Date: Thu, 9 Aug 90 08:42:05 -0700 From: cckweiss at castor.ucdavis.edu Subject: snowflakes keep falling through my beer Thanks to Florian and Pete Soper for insights into the drifting material in my beer. You both pointed to incompletely converted or improperly sparged grains, and that sounds like a very likely bet. The batch in question was an extract brew, with 1 1/2 lbs. of crystal thrown into cold water, and strained out when the water started to boil. Sounds a lot like a low-temperature mash to me. I use whole leaf hops, but since I'm just running the boiled wort through a strainer, and not recycling any of the runnings back through once a filter be is established, there's a good chance that some little guys are sneaking through. I speculate that I never saw this before because I just changed my bottling technique. I used to dump the priming syrup right into my secondary, stir gently, and siphon right into bottles. This tactic (IMHO) minimized infection risk, but picked up a fair amount of sediment from the bottom of the secondary and spread it through the beer. In the general gunk, these little things went unnoticed. This latest batch, I followed Pete's advice and racked from the secondary into another vessel, stirred in the priming syrup, and on into the bottle. A much cleaner method in terms of not picking up sediment from the secondary, but, more risk due to another transfer step in the brewing process. On the bright side, I've tasted two bottles of this stuff so far. It's still uncarbonated, but tastes real good. I can see that if I keep producing at my current level (5-10 gallons a month) I'm going to get *real* tired of bottling soon. Can one of you netters e-mail me a complete list of what I need to get into using Cornelius kegs? I'm particularly interested in hearing whether you have a dedicated beer refrigerator, or can the whole 5 gallon setup fit in your household fridge? Actually, maybe some other people would like to see the list too, so maybe you should post it to the HBD. Ken Weiss cckweiss at castor.ucdavis.edu Return to table of contents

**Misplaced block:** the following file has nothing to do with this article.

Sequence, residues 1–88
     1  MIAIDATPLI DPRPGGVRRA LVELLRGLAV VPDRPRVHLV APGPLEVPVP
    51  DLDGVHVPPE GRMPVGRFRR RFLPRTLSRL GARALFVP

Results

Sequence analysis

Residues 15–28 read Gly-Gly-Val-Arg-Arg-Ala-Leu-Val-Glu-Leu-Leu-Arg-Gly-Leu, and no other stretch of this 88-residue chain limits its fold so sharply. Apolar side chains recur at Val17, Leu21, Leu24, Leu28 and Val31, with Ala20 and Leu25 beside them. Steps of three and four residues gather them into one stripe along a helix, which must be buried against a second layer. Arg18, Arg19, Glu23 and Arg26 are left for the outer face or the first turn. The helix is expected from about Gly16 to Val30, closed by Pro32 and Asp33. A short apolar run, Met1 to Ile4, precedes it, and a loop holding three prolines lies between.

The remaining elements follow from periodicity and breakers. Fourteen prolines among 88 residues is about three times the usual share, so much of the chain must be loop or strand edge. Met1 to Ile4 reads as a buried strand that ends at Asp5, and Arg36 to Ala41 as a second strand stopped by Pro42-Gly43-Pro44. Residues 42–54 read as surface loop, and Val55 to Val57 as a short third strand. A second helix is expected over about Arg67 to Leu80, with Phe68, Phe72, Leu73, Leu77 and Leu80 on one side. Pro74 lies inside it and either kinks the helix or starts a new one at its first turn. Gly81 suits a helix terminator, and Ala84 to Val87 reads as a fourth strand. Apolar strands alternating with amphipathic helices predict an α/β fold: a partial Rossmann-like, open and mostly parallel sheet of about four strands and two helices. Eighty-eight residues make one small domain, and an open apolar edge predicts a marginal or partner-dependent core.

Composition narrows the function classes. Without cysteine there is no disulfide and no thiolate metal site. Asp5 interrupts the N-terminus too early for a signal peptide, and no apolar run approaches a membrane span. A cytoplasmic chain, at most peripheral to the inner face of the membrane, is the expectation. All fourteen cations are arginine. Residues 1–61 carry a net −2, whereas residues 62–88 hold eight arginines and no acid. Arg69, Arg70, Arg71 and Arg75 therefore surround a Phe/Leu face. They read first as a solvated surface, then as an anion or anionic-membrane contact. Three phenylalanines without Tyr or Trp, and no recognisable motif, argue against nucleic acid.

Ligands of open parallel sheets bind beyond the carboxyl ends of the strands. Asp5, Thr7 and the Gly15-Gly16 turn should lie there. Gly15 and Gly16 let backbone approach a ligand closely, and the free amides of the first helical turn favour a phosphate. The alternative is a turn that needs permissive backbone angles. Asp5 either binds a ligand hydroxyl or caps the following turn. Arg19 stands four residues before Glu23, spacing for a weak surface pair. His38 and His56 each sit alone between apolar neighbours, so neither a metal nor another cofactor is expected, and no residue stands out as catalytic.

Date: Thu, 9 Aug 90 12:18:07 PDT From: kjohnson%gold.Berkeley.EDU at jade.berkeley.edu (Ken Johnson) Subject: calories Alcohol has 7 calories per gram. Fat 9, protein 4, carbs 4. A 12 oz (355ml) beer with 4% ethanol by volume --> (355ml)(.04)=14.2ml alcohol The density of ethanol is .789 g/ml --> (14.2ml)(.789g/ml) = 11.2 g alcohol At 7 calories per gram, you get 78.4 calories from the alcohol. Ken Return to table of contents